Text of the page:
, Salem, MA

February 21, 2014

Letter: A day of nonsense

The Salem News

---- — To the editor:

I too attended the rally both for and against the new power plant that is proposed to be constructed right next to an existing regional sewage treatment plant industrial site. I bet that nearly none of those objecting and attending even knew that this industrial use site even existed.

While I was there, I stood in the protesters’ camp and listened to what they were saying to each other. Most of it was nonsense. Then, I moseyed over to someone being interviewed for a TV camera, and I was curious as to what the message being put forth might consist of.

I stood listening to your column writer Sue Kirby’s interview on NECN. She spouted off some of the most misinformed, clap-trap talking points from the perpetually naive environmental groups I have ever heard. Nothing she said made sense, unless she was having herbal tea with more of her mutually nodding head ilk. She knew nothing about the reality of what will actually take place. Nothing!

Eighty-five percent of that rent-a-rabble were easily led college students, hippies for life and the occasional professional troublemaker out for a good time, too. We saw all this before when Seabrook attracted the same legion of losers a couple of decades ago. Maybe Jordan’s Furniture could run a sale on “beds you can hide under” for the easily fearful.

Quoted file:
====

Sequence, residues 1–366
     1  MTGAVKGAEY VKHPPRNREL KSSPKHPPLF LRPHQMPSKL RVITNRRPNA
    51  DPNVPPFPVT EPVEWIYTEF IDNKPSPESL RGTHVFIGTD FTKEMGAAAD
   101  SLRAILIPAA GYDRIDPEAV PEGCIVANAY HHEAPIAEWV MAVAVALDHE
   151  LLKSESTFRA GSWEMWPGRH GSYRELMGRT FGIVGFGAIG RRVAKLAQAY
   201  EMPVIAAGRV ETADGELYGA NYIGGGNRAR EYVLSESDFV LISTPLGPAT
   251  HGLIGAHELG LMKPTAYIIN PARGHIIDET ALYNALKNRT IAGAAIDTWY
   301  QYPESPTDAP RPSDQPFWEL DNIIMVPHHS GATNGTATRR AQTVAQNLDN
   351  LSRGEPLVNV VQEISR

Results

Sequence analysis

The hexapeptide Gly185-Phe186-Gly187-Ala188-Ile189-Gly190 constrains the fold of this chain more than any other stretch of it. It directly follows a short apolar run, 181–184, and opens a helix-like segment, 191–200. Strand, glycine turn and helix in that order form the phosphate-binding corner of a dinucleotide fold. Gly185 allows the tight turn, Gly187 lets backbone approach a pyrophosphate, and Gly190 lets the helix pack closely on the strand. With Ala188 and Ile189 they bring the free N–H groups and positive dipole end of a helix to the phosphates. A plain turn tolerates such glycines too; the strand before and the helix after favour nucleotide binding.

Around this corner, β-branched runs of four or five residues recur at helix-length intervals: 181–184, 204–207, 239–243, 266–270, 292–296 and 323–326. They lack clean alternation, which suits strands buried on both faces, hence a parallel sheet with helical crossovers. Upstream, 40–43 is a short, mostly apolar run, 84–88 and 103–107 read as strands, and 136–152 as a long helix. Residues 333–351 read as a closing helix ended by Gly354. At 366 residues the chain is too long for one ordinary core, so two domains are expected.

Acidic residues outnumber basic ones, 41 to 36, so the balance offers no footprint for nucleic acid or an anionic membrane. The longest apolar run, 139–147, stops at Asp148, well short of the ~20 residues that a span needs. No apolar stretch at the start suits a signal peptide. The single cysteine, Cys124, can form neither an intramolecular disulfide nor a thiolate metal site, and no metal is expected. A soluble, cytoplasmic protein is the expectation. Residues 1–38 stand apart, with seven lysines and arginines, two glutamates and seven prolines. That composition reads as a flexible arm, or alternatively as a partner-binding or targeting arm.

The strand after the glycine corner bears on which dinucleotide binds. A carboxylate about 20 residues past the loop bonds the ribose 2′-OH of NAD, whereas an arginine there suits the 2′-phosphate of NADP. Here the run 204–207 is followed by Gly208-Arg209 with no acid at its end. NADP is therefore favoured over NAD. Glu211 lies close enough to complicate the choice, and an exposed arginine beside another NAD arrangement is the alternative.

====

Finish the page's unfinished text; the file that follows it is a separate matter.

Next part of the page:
I inquired where many of them came from: Marblehead, Arlington, Cambridge, Concord and other wispy, NIMBY suburbs, was the answer. None of which have a single wind farm, solar field or other escapee from Popular Science magazine’s futuristic ideas. But, they insist that we must.

Those wind, solar and hydro energy sources she so dearly loves can only provide a pittance of power compared to the Footprint plant and only part time. The existing 40 wind turbines in Massachusetts only provide 36,000 kilowatts of power. That is chump change compared to what can readily be linked directly into the existing Salem power grid system and be powered by a nearly dedicated fuel source that does not come from the dreaded “fracking” as many in attendance want to believe. That source has been installed and running safely beneath Beverly Harbor for more than 10 years with no problems. Real or imagined.

I was also curious as to how all of those people got here. Bicycles? Walking? Conestoga wagon? Or did they rely on some form of transport that ran on the hated “fossil” fuels?

Lastly: Everyone talks about making decisions for the children of the future. Well those kids would be rightly upset if their future was truncated by emotional, naive, easily manipulated fossils from the ’60s reliving their protesting youth. That is where the most danger lies. Lies.

David Pelletier